*2 It is undeniable that computers have become pervasive in American daily life. The "computer" meaning of the term "smart," as is the case with many "computer" words, is making its way into the general language. Not only is "smart" listed, as referenced above, in computer dictionaries, but we take judicial notice of the following definition of "smart" found in The Random House Unabridged Dictionary (2d ed. 1993):
Informal. equipped with, using, or containing electronic control devices, as computer systems, microprocessors, or missiles: a smart phone; a smart copier.
The NEXIS excerpts submitted by the Examining Attorney include the following uses:
This feature has focused on the new smart, microprocessor-based metal detectors. (Prepared Foods, March 1992)
New "smart" refrigerators will likely contain microprocessors that would constantly monitor temperatures and make energy-saving adjustments to compressors. (Gannett News Service, July 16, 1992)
Slightly more than half of the sales will go to silicon-based sensors-devices sculpted in three dimensions using semiconductor batch-processing techniques. About one-third of the market will be captured by "smart" sensors, which incorporate microprocessors ... (Electronic Business, February 10, 1992)
But the same microprocessors that have revolutionized "smart" bombs and household appliances can also do "more than crunch numbers" for doctors.... (The Hartford Courant, February 7, 1992)
A smart card has the same general dimensions as a credit card and often has the same embossed lettering on the front and the familiar magnetic strip on the back. However, embedded in the card are a memory chip, microprocessor and other circuitry. (Computerworld, February 3, 1992)
Machine-readable cards that can communicate with computers come in many varieties, of which the top of the line are so-called smart cards, which include microprocessors to manipulate information. (Government Executive, July 1991)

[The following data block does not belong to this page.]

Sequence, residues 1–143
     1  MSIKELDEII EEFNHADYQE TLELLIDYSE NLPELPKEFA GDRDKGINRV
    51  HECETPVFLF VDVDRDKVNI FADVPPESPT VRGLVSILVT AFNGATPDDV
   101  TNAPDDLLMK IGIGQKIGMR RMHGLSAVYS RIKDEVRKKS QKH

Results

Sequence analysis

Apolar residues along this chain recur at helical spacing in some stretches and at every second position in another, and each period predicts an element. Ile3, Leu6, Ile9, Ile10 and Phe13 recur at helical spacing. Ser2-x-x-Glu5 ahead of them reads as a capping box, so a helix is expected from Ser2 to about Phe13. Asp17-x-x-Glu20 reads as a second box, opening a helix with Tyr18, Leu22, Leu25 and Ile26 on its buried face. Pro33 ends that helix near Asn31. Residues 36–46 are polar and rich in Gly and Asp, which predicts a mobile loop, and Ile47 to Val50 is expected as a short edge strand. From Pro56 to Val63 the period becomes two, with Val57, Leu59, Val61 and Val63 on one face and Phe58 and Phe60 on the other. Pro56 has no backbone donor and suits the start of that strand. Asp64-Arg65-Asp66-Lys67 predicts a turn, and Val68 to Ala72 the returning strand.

In perhaps the ultimate manifestation of the "smart" house, there was the Smart Seat, a mic roprocessor-controlled bidet attachment for the toilet.... (The New York Times, January 25, 1990).
Accordingly, we find that consumers for applicant's probes would readily understand that SMART, as would be used in SMARTPROBE, refers to an electronic or microprocessor component of the probes. Applicant, in describing its goods during the ex parte prosecution of its application, stated as follows:
Although we appreciate that the exact nature of the disposable probes has yet to be determined, the identification of goods, as listed in the application, is broad enough to include all types of disposable cryosurgical probes, including those containing electronic devices or microprocessors. Thus, we must presume that applicant's probes will include probes with electronic parts or microprocessors. Consumers will immediately perceive SMARTPROBE, when applied to such probes, as describing an important characteristic of those probes, namely that they are equipped with electronic control devices or microprocessors. See: In re Canron, Inc., 219 USPQ 820 (TTAB1983).